As we launch the latest issue of Wear Business magazine, we present some of the leading names in our pages from businesses across Wearside and County Durham.
From the foreword to exclusive interviews to features on the region’s leading hotels, restaurants and companies, Wear Business has business covered.
An online version of Wear Business can now be read online by clicking here.
Here are some of the highlights:
Graeme Anderson, co-editor, Wear Business
“As the most newly-launched publishing product in the North-East, Wear Business has had no time to build a loyal audience.
“So, as a management team, we discussed the idea of mothballing the magazine until some sort of semblance of normality returned – maybe the end of 2020 or the start of 2021. We could pause all work on the title.
“But the idea of shelving Wear Business was, itself, quickly shelved.”
Jonathan Graham, operations director, Tavistock
“It is my privilege to have been invited to write the guest foreword of a magazine which I think has set a great example to businesses in the Wear region in the way that it has refused to be crushed by Covid-19.
“Having only been launched in December, it would have been easy to make the decision to shelve the project.
“Instead, the Wear Business team has spent the last six months developing its online offering before making a welcome return to the print format.
“I have enjoyed contributing myself to the Wear Words questions on the website – but you can’t beat a hard, printed copy!”
Sarah Slaven, interim managing director, Business Durham
“It’s a very exciting year for Jade Business Park as we welcome our first tenant Sumitomo, bringing new jobs and economic growth to the area.
“The park is a prime location for businesses to establish themselves in Durham for relocation and expansion, thanks to its high-quality industrial units and excellent transport links.
“As the economy moves into the recovery we continue to support businesses to grow and create more and better jobs, we hope to welcome more businesses to one of the region’s premier developments in the near future.”
John Adamson, owner, Ramside Estates
“Across the portfolio, every venue offers something different, and we have worked hard to adapt to make sure our guests are comfortable.
“It has been a challenging year for all of us so far but I think we have enjoyed the challenges here and adapting to the kind of changes none of us could have envisaged at the start of 2020.”
Brad Groves, Great Annual Savings
“Our new headquarters in Spectrum 7 will be one of the finest office facilities outside of London and Manchester.
“We are committing a multi-million pound investment to create an innovative building focused on employee experience and wellbeing.”
Paul Callaghan, Leighton Group
“When you look back at the Spanish Flu of 1918, which was also a horrendous pandemic, after the first and second waves, people were incredibly cautious about how they conducted themselves in their daily lives over the next couple of years.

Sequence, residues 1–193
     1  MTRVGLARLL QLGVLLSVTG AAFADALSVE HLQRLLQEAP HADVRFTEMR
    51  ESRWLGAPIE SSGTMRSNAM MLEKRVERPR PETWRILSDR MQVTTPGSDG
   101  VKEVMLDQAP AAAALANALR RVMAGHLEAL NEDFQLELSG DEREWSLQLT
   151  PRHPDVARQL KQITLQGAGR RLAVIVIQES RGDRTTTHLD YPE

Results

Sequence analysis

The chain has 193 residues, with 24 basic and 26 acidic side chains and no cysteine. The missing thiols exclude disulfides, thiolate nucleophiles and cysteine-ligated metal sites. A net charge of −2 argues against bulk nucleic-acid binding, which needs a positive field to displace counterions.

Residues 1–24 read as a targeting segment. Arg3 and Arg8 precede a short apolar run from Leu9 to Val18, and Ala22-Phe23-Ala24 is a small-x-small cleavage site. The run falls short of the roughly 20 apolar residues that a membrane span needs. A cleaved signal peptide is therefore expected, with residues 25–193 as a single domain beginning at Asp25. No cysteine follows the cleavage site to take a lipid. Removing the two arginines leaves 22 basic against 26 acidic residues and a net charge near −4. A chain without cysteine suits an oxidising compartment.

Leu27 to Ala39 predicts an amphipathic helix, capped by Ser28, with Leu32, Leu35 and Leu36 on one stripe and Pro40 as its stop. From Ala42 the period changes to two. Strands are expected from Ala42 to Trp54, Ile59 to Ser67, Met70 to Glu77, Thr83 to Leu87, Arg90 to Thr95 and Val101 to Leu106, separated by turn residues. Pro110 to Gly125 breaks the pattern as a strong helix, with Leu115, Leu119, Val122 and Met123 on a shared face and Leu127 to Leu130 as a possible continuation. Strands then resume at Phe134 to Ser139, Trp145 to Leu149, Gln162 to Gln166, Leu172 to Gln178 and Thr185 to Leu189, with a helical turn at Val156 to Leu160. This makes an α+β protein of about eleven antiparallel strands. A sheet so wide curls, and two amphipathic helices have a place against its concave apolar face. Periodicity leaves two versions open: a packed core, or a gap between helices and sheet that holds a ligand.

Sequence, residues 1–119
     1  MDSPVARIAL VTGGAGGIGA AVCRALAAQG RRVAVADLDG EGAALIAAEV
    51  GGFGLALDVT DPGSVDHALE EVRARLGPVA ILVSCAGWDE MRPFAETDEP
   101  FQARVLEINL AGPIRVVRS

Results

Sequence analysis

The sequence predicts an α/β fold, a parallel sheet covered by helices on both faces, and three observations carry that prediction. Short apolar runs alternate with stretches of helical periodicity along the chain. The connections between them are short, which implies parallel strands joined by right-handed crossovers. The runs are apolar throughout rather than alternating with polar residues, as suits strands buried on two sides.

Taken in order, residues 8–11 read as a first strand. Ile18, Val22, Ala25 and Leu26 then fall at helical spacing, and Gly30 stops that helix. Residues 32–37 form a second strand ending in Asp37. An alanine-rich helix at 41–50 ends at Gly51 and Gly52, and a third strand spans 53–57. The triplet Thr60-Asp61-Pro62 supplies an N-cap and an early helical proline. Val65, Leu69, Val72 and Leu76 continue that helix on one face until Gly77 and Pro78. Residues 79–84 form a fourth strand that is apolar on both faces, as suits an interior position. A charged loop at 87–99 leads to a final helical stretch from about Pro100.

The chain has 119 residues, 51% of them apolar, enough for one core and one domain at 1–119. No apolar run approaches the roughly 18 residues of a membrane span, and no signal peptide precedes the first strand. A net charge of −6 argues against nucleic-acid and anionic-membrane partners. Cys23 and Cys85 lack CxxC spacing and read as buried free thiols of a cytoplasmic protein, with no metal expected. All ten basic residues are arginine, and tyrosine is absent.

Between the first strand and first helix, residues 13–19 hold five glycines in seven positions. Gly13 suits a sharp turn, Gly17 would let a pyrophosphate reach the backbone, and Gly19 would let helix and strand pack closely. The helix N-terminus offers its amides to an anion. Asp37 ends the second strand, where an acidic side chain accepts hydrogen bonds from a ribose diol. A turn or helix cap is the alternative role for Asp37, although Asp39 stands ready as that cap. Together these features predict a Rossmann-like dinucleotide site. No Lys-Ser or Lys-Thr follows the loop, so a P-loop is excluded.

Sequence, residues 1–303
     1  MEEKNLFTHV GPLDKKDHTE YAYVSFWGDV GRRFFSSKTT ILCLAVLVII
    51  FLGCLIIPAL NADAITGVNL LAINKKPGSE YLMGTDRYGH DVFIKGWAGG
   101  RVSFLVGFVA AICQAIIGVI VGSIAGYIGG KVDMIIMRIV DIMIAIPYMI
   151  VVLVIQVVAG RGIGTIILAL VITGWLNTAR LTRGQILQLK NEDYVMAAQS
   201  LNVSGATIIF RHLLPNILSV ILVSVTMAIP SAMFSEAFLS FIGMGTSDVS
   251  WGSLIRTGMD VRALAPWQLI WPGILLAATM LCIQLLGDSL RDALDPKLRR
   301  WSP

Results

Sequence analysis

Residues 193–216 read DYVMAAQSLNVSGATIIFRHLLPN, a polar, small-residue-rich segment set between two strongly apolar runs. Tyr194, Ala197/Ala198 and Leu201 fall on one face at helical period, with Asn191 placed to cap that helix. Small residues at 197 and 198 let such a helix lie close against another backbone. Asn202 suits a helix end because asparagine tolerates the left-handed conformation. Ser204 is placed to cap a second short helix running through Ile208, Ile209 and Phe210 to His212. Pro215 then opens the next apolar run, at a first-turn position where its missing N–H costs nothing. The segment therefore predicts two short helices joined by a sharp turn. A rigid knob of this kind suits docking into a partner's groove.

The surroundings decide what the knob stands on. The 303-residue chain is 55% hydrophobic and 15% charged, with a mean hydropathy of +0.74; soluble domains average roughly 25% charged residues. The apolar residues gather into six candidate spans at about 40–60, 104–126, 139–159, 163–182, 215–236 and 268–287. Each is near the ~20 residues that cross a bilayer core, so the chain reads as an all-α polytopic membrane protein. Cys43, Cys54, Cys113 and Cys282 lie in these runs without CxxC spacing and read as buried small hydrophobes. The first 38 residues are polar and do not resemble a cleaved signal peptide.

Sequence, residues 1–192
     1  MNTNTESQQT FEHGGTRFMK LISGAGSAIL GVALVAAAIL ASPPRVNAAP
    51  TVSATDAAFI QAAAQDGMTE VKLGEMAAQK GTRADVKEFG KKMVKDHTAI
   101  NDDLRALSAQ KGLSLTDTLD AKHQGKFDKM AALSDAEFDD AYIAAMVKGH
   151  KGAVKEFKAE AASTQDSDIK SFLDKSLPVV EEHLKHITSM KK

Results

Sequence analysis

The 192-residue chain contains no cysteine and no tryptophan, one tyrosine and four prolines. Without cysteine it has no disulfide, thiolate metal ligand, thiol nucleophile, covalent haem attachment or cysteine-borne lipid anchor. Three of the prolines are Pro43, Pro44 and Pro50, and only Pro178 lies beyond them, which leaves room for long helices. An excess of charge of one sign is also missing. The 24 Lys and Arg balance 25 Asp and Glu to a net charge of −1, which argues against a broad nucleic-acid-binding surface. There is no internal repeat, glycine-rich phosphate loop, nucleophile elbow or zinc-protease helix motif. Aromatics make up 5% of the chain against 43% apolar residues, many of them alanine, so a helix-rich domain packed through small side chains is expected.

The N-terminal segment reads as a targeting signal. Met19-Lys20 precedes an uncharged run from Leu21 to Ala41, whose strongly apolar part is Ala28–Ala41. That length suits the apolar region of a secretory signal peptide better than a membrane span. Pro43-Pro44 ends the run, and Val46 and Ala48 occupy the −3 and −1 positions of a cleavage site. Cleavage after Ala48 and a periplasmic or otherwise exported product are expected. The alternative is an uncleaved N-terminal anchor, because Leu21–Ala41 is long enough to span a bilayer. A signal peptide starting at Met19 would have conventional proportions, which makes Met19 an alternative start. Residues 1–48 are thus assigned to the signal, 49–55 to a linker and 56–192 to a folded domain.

“But after that period, culturally, came the Roaring 20s with prosperity and partying.
“And if there’s to be a Roaring 20s again, I want Sunderland and the Cultural Quarter, in particular, to be perfectly positioned for it.”
Pierre Bertolotti, general manager, The Impeccable Pig, Sedgefield
“We didn’t have time to close properly. It was Mother’s Day that weekend and we had 250 people booked in. We lost most of the stock.
“We are at the heart of the village and very much part of the social circle. “We want to get the local economy going and people to come out and enjoy themselves again.”
Peter McIntyre, executive director of city development, Sunderland Council
“We are absolutely determined to create the healthy, dynamic and vibrant city our residents deserve and want to see, and we will keep building on each success, to transform Sunderland and create a place people can be proud to live, work and do business.
“There’s a sea-change in Sunderland, and Riverside Sunderland is at the forefront of it.”
Dan Makaveli, Savvy Media
“If there’s one phrase that’s resonated with businesses during Covid-19 it’s the need to ‘build back better’ and I’m hoping that, as far as Wearside businesses goes, that involves looking at their model for corporate social responsibility.
“Yes, they can give to charity, but we’d also like them to consider commissioning social enterprises for work – it’s a great way for them to support a community while at the same time getting something worthwhile and valuable back from it.”
Colin Young, co-editor, Wear Business
“We wouldn’t be much of a voice for Wear Business if we opened as a magazine and them immediately closed!
“If we’re there for Wear businesses all the way through Covid-19, then hopefully businesses will remember that in years to come.
“It will help them have faith in us and back what we’re trying to achieve.”